Turning lemons into lemon trees, this small unconcreted area in the lobby worried me a bit until we decided that it will be the perfect indoor garden!

Here the whole team is scrubbing out the kitchen area, which will be our consulting/surgery room. Our hope is to have vets onsite most of the time. We're offering recent vet graduates (top of the class!) free space in exchange for taking care of our animals and for providing low cost services for local residents. Win, win, WIN!!

This will probably be an open area for our older dogs. Our plan is to take in pregnant females, mothers with litters, abandoned puppies, and older difficult-to-adopt dogs. We want to provide the best possible start in life, and the most comfortable end of life experiences for our shelter animals.

My favorite photo of the day! Our youngest volunteer really putting her back into her work! Mexican families raise great kids!

In addition, the huge room will be excellent for spay/neuter campaigns, with space for up to five simultaneous surgeries. The lobby (aka carport) will be a great recovery space. Here are two of our young volunteers, speeding the suds and water out into the big backyard.

Tomorrow the yard will be cleared by a contractor. It's about as big as the house, plenty of play space for all the pooches. Since we also run the Dog Agility Club, you can bet we'll have plenty of play equipment out back!

Mid-afternoon, another wonderful neighbor stopped by and offered to give us plants for all the front gardens. She has an amazing nursery in her yard, and our street front will be lovely in a few days.

Next step was to tackle the walls. The main problem was bat guano. Ugh. Our young volunteers put lots of muscle into the low parts, while the adults cleaned higher up. These aren't posed pictures. In six hours of work, there wasn't a single complaint. The kids believe in the shelter just as strongly as the adults, and they are proud to contribute!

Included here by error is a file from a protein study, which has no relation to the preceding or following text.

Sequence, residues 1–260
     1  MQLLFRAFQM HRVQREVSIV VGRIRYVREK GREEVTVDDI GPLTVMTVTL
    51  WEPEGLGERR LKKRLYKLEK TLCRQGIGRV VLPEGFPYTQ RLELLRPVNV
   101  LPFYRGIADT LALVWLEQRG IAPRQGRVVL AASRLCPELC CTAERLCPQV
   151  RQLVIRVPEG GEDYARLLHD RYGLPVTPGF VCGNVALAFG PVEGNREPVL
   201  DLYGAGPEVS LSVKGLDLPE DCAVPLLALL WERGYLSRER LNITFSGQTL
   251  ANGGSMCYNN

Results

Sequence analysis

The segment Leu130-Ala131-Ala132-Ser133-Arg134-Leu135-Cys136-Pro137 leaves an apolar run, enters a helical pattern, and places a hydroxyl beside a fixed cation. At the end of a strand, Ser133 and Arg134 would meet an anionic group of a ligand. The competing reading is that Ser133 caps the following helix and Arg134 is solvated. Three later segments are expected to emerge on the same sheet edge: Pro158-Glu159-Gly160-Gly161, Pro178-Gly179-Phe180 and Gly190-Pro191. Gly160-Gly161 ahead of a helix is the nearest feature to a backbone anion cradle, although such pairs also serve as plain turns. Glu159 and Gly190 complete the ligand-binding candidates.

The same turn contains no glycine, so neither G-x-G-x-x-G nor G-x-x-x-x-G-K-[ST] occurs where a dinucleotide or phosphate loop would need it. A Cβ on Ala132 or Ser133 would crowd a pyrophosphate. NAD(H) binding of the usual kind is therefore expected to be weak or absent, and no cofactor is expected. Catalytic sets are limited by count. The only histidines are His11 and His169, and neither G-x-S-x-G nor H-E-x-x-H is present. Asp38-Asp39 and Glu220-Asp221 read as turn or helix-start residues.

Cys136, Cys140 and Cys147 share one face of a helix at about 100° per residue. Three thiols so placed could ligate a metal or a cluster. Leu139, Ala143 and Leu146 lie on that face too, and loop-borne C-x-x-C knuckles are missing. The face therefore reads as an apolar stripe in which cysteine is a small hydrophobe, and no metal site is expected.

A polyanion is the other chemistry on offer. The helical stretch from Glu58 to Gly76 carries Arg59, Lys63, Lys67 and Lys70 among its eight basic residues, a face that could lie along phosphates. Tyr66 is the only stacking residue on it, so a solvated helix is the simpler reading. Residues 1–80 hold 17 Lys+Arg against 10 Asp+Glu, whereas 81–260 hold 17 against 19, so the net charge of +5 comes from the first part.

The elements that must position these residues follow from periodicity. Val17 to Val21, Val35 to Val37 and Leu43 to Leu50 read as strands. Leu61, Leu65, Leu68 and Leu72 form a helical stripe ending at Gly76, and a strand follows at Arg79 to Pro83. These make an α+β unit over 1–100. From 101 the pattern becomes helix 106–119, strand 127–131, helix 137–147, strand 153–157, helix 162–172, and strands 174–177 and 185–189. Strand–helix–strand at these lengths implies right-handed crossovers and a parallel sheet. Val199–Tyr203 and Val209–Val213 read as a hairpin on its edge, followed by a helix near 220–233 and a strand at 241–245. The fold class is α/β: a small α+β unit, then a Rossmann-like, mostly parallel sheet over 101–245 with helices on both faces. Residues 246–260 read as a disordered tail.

In case you think it doesn't look that bad, here's a bit of wall before!

And here's the after. Not a very exciting picture unless you just cleaned this wall! By the way, in case you are ever needing to clean off bat guano, plain soap and water and a pot scrubber work best, even better than a scrub brush. We're planning to paint next weekend, using whatever bits and pieces of gallons and colors we are donated! Should be colorful! We have a couple of artists among the volunteers. Can't wait to see what they create!

Scrubbing, scrubbing, scrubbing! The carport/lobby is on the right, and the large main room on the left.

Another one of our young, eager workers! She's wearing our association t-shirt.

And here's the whole team! Woohoo! Can you believe this many people did all that work? Huge thank yous to everyone for an awesome first cleanup day!

Do you have questions about our association, Amigos de Perros y Gatos Colima? Any thoughts or comments on our new shelter? Have you ever run or worked in a shelter? Can you give us some hints to help us avoid pitfalls and open smoothly? Please join me for a lively discussion in the comments!

Check out these related posts for more information on spay/neuter campaigns and other animal rescue activities in Colima:

Some fellow writers/bloggers/animal lovers, in the spirit of The Blog Scratchers Union, #TBSU!